Dow recoups early loss, rising 7.95

March 07, 1995|By Bloomberg Business News

NEW YORK -- U.S. stocks closed little changed yesterday as Walt Disney Co., technology and oil issues rallied, offsetting a slump in bank and utility stocks caused by a falling dollar and higher Treasury bond yields.

Falling stocks swamped advancing issues by almost 14 to 8, on volume of 289.8 million shares. Even so, stocks managed to overcome record lows in the dollar, a half-point drop in Treasury bonds and continued poor economic news from Mexico.

"With all the things I perceive as negative out there, I can't believe this market," said David Butler, senior trader at Kemper Financial Services in Chicago. "If it holds up in these sorts of times, I'd hate to see what it's going to do when we get some good news."

After tumbling as much as 33.89 points, the Dow Jones industrial average rose 7.95, to 3,997.56, adding to Friday's 9.68-point gain. Disney, which surged $2.25, to a record high of $56, contributed 5.9 points to the advance.

Among broader market indexes, the Standard & Poor's 500-stock index fell as much as 3.9 before closing at 485.63, up 0.21.

Stocks also got a late boost from a round of computer-guided orders to buy stocks that began at about 3 p.m. EST and added 11 points to the Dow and 1.1 points to the S&P 500, according to Birinyi Associates Inc.

The Nasdaq composite index dropped 1.02, to 797.77, after initially falling as much as 7.09. Oracle Systems Corp., Amgen Inc., Novell Inc., Tele-Communications Inc. and Sonoco Products Co. all dropped. On Friday, the Nasdaq surged 5.11, to 798.79, leaving it 1.4 percent below its March 1994 record high of 803.93.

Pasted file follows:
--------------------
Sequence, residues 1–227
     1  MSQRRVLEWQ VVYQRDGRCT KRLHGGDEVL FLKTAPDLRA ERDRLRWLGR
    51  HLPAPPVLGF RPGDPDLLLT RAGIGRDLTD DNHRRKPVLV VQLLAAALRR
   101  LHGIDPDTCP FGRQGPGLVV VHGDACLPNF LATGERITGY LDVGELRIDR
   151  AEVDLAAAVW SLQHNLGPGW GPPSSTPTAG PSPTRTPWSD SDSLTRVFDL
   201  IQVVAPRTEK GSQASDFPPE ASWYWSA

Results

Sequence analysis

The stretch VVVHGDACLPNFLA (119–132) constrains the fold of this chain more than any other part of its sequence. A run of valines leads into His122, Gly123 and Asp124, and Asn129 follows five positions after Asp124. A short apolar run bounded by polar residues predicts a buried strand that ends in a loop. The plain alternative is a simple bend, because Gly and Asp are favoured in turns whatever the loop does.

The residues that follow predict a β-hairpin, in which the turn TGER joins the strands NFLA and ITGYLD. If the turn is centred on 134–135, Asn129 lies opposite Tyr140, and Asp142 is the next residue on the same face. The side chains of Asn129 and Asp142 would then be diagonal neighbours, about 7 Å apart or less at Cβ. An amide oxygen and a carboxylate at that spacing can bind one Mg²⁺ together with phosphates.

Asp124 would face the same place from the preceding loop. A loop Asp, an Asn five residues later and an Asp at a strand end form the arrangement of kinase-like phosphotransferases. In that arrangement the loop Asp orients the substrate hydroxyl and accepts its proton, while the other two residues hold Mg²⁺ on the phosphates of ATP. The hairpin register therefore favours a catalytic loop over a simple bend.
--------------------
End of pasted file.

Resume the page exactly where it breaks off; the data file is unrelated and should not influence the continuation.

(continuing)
Part of the explanation for yesterday's rebound probably can be found in the large losses U.S. investors have suffered in Latin American and Asian markets in the past few months, said Thom Brown, managing director at $260-million Rutherford, Brown & Catherwood Inc. in Philadelphia.

"There are a lot of people deserting these foreign markets and putting their money back into this market, and when they do they're looking for anything that will grow its earnings and has reasonable quality," Mr. Brown said.

Disney, for instance, surged after the resort and entertainment company said it sold 20 million copies of its "The Lion King" videotape in the first week of its release, amassing estimated sales of $340 million.

Philip Morris, maker of Marlboro cigarettes, climbed $1.25, to $63.25. Merrill Lynch & Co. raised its long-term investment opinion on the parent of Kraft Foods and Miller beer to "buy" from "above average."

IBM has jumped $6.375, or 9 percent, since last Tuesday as investors regained confidence that it's finished its turnaround and that strong mainframe computer sales will continue to buoy profits.

Other technology stocks also rallied for a fifth day, partly in anticipation of management presentations at a Goldman, Sachs & Co. conference starting today. Last week, Texas Instruments Inc. predicted the worldwide market for computer chips will swell 21 percent, to $124 billion, this year. Also, reports surfaced of a severe shortage of computer memory chips needed for multimedia and interactive applications.

Oil stocks rallied after industry analyst Matthew Simmons, in Barron's magazine, highlighted the likelihood of dwindling supplies, rising demand and higher crude oil prices in coming years.

Stocks fell early in the day along with the dollar. The U.S. currency plunged to record lows against both the Japanese yen and the German mark during the day.

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